Duke is currently being sued by at least one student who claims that an unfair and sloppy investigation led to his expulsion, costing him a lucrative job offer. He argued that administrators’ claims that when two students are equally drunk, only the man is responsible for getting consent, reflected gender bias. He also asserts that Duke trains its investigators to assume that all accusations are true, by pointing to misleading statistics that just 2 percent of rape claims (to police) are false.

Valerie Ashby, Dean of Trinity College of Arts & Sciences at Duke University

 Syracuse University defended Obama-era guidance even while facing a lawsuit filed by a student who was expelled after being accused of sexual assault. The two students in question had engaged in sex earlier, had made plans to meet up the night of the second encounter, which occurred after both had been drinking heavily—and which he says was consensual.

It’s not only institutions of higher learning that have vowed to resist the reforms DeVos has outlined. Several states have produced legislation to codify the Obama administration’s guidance, including Illinois and New York. At the federal level, Democrats introduced a bill that would turn the Obama guidance into law.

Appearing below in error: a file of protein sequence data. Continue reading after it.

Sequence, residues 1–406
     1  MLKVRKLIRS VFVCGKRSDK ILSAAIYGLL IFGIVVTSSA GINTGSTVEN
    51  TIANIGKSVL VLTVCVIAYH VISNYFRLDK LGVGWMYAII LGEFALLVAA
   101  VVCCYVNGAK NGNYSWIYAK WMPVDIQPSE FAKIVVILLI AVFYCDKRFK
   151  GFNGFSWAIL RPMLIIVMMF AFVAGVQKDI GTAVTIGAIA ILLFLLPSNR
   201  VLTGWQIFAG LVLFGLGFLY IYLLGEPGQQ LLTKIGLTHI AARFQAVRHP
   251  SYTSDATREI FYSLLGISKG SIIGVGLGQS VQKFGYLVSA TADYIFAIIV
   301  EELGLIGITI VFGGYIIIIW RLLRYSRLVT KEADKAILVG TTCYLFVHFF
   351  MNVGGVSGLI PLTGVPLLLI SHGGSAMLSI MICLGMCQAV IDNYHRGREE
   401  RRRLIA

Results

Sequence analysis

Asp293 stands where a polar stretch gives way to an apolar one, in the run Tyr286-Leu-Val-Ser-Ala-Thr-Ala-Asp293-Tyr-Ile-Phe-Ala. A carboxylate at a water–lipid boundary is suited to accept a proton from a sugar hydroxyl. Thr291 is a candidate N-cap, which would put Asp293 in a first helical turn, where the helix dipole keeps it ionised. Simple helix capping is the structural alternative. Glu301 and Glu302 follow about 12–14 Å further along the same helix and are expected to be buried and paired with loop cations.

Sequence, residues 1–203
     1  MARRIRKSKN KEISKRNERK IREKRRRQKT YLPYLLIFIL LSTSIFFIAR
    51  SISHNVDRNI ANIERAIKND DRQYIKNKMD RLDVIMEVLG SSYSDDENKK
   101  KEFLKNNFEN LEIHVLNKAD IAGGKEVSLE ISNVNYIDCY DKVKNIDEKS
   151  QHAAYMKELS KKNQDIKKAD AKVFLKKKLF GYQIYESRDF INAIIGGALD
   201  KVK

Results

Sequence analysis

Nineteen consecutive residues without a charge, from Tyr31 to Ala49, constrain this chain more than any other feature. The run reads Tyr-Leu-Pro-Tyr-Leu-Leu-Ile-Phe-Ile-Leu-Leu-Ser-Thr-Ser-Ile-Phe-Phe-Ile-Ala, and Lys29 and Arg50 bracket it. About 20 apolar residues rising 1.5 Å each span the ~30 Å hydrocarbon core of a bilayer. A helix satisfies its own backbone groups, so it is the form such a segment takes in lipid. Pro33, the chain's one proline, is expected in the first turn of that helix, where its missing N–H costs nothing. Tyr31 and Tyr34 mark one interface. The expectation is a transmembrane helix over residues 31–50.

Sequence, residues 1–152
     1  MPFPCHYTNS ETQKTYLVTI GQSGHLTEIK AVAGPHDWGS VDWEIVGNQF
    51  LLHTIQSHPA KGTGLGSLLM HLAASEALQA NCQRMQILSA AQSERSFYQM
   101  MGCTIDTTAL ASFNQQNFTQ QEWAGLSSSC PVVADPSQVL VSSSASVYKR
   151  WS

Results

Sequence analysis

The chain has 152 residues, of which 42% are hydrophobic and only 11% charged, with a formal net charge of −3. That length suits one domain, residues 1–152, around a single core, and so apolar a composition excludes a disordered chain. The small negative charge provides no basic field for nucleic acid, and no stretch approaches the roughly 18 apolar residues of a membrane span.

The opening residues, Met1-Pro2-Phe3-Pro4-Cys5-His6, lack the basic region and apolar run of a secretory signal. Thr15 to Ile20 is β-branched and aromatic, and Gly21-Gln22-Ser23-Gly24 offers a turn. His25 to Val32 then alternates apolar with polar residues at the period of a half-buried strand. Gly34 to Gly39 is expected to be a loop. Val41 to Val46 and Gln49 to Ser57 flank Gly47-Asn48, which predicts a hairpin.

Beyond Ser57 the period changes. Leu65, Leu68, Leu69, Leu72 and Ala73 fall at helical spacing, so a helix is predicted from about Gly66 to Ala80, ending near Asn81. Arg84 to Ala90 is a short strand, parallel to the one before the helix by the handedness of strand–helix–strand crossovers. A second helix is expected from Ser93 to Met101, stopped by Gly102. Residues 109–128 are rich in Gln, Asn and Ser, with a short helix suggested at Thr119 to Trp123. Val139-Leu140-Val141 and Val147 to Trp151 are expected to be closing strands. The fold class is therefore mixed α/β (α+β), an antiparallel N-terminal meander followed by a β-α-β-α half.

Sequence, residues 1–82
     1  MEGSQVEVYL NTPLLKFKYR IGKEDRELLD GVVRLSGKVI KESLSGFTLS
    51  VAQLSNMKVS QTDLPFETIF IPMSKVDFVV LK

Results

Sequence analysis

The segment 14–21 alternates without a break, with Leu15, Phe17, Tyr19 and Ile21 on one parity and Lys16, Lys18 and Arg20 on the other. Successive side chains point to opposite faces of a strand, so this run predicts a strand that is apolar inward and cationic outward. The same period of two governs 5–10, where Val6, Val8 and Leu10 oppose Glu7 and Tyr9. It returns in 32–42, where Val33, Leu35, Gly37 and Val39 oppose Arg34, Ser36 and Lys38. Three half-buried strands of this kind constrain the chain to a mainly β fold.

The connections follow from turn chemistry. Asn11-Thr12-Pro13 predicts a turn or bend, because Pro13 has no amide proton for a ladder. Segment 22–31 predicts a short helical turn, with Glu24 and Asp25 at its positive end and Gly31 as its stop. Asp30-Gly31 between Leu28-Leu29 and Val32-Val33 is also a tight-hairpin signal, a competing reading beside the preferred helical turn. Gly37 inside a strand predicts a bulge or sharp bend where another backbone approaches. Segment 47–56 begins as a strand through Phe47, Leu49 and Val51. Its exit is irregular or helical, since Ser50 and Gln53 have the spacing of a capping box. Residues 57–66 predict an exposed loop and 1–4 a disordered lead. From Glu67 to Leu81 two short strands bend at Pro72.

There are, however, a few outliers.

Oklahoma Wesleyan University President Everett Piper, a staunch critic of the Obama-era policies, said his school would no longer be pressured to “compromise” students’ rights.

One surprising response came in California where the state Legislature passed a bill aimed to codify Obama-era guidance. But it was vetoed by Gov. Jerry Brown, who cited concerns for due process and fairness. Brown had previously signed into a law a bill that made “yes means yes” the state consent standard – only on college campuses – but admitted in his recent statement that “thoughtful legal minds” have brought up concerns that such policies “unintentionally resulted in some colleges’ failure to uphold due process for accused students.”